While the recoil isn't as strong as a real gun's would be, it's definitely palpable and it made me imagine future versions where shooter I/O gets even more tactile—for example, a gun might start heating up after repeated firing. I asked Novint's Greg Schroeder to turn up the recoil to the highest level in software and unleash his inner Schwarzenegger for the camera.—Andrew Rosenblum
One of the hottest exhibits on day one of the E for All Expo was for Metal Gear Solid 4: Guns of the Patriots. Its sinister, military-bunker booth was full all day and into the evening, in part because this is the first time anyone's been able to play the game outside of Japan. Also, Kojima Productions tends to be secretive, which has apparently had the desired effect of driving its fans wild for the merest crumb. Today's demo was a lot more than a crumb, though.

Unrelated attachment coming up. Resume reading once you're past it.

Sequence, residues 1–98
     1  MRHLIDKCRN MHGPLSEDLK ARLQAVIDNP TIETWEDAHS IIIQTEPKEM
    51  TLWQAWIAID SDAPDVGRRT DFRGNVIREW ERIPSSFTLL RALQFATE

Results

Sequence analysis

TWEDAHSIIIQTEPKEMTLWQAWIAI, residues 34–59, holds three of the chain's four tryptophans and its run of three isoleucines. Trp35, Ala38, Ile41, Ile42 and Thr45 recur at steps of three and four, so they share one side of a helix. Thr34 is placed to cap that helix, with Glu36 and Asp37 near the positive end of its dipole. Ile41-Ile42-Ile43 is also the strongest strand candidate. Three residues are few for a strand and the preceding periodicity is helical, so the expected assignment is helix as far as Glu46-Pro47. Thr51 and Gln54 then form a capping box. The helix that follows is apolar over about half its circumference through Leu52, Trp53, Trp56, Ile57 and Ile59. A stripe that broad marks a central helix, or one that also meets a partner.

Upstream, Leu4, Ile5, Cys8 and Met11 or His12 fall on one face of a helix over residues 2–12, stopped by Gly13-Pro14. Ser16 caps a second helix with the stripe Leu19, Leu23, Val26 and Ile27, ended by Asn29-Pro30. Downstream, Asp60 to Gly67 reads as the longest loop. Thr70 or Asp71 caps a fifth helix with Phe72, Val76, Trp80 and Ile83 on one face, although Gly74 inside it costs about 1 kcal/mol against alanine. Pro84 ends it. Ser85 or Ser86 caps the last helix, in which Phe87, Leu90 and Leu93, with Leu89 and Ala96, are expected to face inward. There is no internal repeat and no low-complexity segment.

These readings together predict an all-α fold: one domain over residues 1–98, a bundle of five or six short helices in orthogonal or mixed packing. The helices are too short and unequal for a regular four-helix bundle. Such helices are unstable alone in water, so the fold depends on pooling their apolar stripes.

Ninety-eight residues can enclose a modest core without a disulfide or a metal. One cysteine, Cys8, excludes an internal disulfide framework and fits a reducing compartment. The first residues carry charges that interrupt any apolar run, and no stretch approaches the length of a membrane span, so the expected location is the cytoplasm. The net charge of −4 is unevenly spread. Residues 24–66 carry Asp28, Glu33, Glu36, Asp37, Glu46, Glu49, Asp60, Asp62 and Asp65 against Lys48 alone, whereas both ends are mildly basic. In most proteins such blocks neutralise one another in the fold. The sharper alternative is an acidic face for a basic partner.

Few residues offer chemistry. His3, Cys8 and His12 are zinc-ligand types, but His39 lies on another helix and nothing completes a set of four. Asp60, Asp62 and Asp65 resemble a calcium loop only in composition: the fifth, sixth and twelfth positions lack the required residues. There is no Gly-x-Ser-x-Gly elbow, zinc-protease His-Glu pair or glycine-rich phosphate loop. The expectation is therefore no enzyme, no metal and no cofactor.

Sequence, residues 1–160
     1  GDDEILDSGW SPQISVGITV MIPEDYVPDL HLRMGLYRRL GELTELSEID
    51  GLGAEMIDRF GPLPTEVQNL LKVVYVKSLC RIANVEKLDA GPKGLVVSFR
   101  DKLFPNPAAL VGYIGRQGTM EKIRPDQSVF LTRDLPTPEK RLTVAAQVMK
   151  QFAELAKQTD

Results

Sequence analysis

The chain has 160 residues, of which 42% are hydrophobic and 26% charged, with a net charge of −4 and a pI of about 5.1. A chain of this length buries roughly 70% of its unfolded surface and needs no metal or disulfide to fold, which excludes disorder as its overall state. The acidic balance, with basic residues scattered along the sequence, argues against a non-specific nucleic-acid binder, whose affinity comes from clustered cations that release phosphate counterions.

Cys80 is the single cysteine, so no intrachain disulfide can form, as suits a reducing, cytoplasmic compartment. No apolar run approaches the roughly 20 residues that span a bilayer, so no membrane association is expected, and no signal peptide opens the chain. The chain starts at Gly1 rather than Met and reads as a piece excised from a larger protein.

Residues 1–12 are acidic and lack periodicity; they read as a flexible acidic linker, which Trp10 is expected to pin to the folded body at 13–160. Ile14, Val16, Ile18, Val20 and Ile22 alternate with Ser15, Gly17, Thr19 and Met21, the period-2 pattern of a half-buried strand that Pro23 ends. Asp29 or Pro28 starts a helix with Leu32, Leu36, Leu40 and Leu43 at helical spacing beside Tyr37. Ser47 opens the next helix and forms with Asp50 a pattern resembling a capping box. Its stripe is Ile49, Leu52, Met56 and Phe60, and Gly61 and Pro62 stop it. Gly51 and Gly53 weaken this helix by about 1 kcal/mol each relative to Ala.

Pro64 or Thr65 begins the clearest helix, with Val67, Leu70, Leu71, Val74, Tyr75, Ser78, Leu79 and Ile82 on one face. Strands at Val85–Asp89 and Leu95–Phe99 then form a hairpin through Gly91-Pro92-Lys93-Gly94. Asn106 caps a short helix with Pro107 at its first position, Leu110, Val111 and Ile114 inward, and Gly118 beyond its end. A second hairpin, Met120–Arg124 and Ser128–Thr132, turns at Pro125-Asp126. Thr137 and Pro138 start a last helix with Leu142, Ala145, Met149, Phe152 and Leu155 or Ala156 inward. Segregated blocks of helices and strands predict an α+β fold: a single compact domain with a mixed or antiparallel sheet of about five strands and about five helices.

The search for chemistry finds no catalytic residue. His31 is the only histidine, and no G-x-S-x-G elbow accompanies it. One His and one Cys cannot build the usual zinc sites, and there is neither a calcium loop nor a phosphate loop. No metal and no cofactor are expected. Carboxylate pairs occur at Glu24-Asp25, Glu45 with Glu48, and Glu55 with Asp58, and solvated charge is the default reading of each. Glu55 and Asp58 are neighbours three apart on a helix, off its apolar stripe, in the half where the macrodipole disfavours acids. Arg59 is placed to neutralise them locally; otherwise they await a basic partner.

The folks waiting in line were about to enter a tiny briefing room blanketed in camo netting to learn how to play before getting an all-too-brief, 20-minute test drive. (I was just starting to get the hang of the 8 different buttons and 360-degree visual scheme when I got the friendly tap on the shoulder).
As for the game itself, the thing that stands out is the meticulous attention to detail in rendering the environment. (The developers mention offhandedly in an earlier demo that the hero's mustache has the same number of polygons as does an enemy soldier from MGS3). Kojima has a staff of 200+ working on the game; even a background team that travels to undisclosed locations in Africa, the Middle East, and South America to take pictures of tiles, surfaces, and buildings that can then be rendered by the art department. In all, the game covers five different geographical regions—although the company won't say which, to avoid angering the various governments that (quite reasonably) think an association with covert war might not be the best thing for their public image.